20 minutes later a torpedo to port struck Lexington. Seconds later, a second
torpedo hit to port directly abreast the bridge. At the same
time, she took three bomb hits from enemy dive-bombers, producing a 7° list to
port and several raging fires. By 1300 her skilled damage control parties had
brought the fires under control and returned the ship to even keel; making25
knots, she was ready to recover her air group. Then suddenly Lexington was
shaken by a tremendous explosion, caused by the ignition of gasoline vapors
below, and again fire raged out of control. At 1508 Capt. Frederick C. Sherman,
fearing for the safety of men working below, secured salvage operations, and
ordered all hands to the flight deck. At 1707, he ordered,"abandon
ship!" and the orderly disembarkation began, men going over the side into
the warm water, almost immediately to be picked up by nearby cruisers and
destroyers. Admiral Fitch and his staff transferred to cruiser Minneapolis,
Captain Sherman and his executive officer, CDR. M. T. Seligman insured all their
men were safe, then were the last to leave their ship.
Lexington blazed on, flames shooting hundreds of feet into
the air. A destroyer closed to 1500 yards and fired two torpedoes into her hull,
with one last heavy explosion, the gallant Lexington sank at 1956, in 15°20'S.
1oo°30' E. She was part of the price that was paid to halt the Japanese oversee
empire and safeguard Australia and New Zealand, but perhaps an equally great
contribution had been her pioneer role in developing the naval aviatorsand the
techniques which played so vital a role in ultimate victory in thePacific.
Lexington received two battle stars for World War II
'didn't want a lot of hoopla'
By Ron Brown / Lynchburg News &
Hazelwood believed that service to his country was a duty. Fanfare was a matter
So it seems fitting that he will be buried
today in a quiet ceremony at the Carwile Family Cemetery in Gladys.
The 85-year-old veteran of three American
wars died earlier this week from complications from a stroke.
"He didn’t want a lot of
hoopla," said his son, Tom. "He just felt like he was one person among
many who have served their country. If there was going to be a fuss over him, he
felt that there should be a fuss made over all vets."
That type of humility, coupled with quiet
strength, is what endeared him to his family, friends and fellow veterans.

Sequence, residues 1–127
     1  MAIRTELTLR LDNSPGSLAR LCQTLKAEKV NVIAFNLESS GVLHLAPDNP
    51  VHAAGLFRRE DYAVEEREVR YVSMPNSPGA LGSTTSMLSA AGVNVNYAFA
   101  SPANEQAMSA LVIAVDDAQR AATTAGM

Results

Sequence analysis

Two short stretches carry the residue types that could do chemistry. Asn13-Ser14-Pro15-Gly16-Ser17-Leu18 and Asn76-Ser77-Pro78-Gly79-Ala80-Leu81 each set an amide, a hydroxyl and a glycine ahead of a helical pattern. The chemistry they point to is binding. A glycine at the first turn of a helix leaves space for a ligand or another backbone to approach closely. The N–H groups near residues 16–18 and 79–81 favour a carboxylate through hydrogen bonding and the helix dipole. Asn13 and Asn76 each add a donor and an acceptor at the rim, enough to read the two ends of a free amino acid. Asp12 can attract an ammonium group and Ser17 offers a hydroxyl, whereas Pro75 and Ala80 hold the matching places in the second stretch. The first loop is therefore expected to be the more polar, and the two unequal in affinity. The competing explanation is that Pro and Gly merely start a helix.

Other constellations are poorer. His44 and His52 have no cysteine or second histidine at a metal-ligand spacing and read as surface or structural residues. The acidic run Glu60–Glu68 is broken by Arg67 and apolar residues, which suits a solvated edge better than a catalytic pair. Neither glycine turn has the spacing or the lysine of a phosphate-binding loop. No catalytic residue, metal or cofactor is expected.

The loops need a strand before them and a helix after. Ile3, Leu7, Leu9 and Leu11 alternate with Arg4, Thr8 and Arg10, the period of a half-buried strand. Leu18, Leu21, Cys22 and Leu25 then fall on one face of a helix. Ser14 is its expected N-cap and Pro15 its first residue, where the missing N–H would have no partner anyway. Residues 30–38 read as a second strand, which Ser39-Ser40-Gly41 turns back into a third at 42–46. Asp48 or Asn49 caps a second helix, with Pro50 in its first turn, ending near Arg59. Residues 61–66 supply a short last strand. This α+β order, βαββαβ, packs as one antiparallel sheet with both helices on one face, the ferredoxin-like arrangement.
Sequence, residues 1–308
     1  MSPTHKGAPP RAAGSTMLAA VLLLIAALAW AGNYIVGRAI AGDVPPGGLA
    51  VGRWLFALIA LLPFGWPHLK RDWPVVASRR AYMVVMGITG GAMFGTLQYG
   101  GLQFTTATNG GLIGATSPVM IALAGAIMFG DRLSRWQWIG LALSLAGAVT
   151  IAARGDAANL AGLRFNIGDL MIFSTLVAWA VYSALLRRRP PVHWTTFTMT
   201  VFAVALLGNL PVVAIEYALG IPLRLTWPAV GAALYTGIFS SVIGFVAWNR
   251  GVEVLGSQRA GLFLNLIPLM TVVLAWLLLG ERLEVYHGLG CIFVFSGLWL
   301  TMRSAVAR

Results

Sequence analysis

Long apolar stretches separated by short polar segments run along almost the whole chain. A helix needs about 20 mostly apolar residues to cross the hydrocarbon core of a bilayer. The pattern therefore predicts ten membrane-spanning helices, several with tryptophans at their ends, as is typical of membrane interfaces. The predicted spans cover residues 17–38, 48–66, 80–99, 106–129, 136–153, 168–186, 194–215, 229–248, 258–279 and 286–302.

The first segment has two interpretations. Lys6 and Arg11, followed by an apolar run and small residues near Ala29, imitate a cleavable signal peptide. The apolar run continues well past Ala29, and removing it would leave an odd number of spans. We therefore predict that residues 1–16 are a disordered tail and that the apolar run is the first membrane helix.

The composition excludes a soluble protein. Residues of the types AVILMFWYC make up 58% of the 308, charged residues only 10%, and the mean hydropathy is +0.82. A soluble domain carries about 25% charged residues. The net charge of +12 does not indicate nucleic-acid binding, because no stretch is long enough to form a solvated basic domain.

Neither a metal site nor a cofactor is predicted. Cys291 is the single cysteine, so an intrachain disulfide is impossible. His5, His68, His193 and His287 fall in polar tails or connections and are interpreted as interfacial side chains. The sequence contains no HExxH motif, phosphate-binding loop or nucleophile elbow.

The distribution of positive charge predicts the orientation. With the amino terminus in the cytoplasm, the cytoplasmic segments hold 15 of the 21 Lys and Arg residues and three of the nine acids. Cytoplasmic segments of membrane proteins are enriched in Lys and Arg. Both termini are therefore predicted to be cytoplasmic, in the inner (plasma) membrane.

"He was a warrior," his son said.
Hazelwood’s military record reads like a
chronicle of distinguished service awards.
He was a survivor of Pearl Harbor and was
wounded during the sinking of the aircraft carrier USS Lexington in World War II
during the Battle of the Coral Sea.
As a Navy diver, he was wounded while
placing two markers on the beach before the Marine landing at Iwo Jima.
He fought again in Korea and Vietnam.
He also served on diving teams that provided
splashdown rescue for astronauts on NASA’s Mercury, Gemini and Apollo space
He won the Silver Star and
was awarded two Purple Hearts as
a result of his combat experiences.
In his own understated way, he once summed
up his military record like this:
"My greatest accomplishment is being a
survivor of 32 years of hard Navy service."
Terry L. Jamerson, who met him about a
decade ago at the Lynchburg Area Detachment Marine Corps League, viewed his
record much more generously.
"As part of our ‘Greatest
Generation,’ he was a leader among men and a true American hero that may never
receive the recognition he deserves from all of us," Jamerson said.
Those who knew him believe Hazelwood
wouldn’t have had it any other way.
"He didn’t brag," said Ben
Brenneman, who met Hazelwood in the late 1980s as they both rode with the
Lynchburg Bicycle Club when Hazelwood was well into his 70s.
Some said Hazelwood was going on 25-mile
bicycle rides as he approached the age of 80.
Jamerson said that persona fits with the
aura of a Navy Seal, which Jamerson said is among America’s fighting elite.
"Most Marines look up to Navy Seals as
being tougher than we are," Jamerson said.
But it was on the home front where
Hazelwood’s toughness shone through as he helped his wife of 59 years, Della,
fight the ravages of Alzheimer’s disease.
It was in that battle that Hazelwood
consummated his reputation as a warrior and the embodiment of the Marine’s
"Semper Fi," Jamerson said.
» Contact Ron Brown at firstname.lastname@example.org or
Doc Riojas NOTE: I spoke with my
Friend, Tom Hazelwood, Jim's son about obtaining a picture of Jim in USNAvy
Dress uniform. I never got it, but that's OK.
Tom said that Jim had a stroke, was taken to
the hospital and the next day he died. Della, Jim's wife suffers
from the advanced stages of Alzheimer's Disease and he was her primary care
giver. I understand their daughter will continue taking care of her mother
I last sat and chatted with Jim at the UWSS
reunion at Little Creek Va. May 2002. He looked great. He said he was
still doing a little P.T. every morning.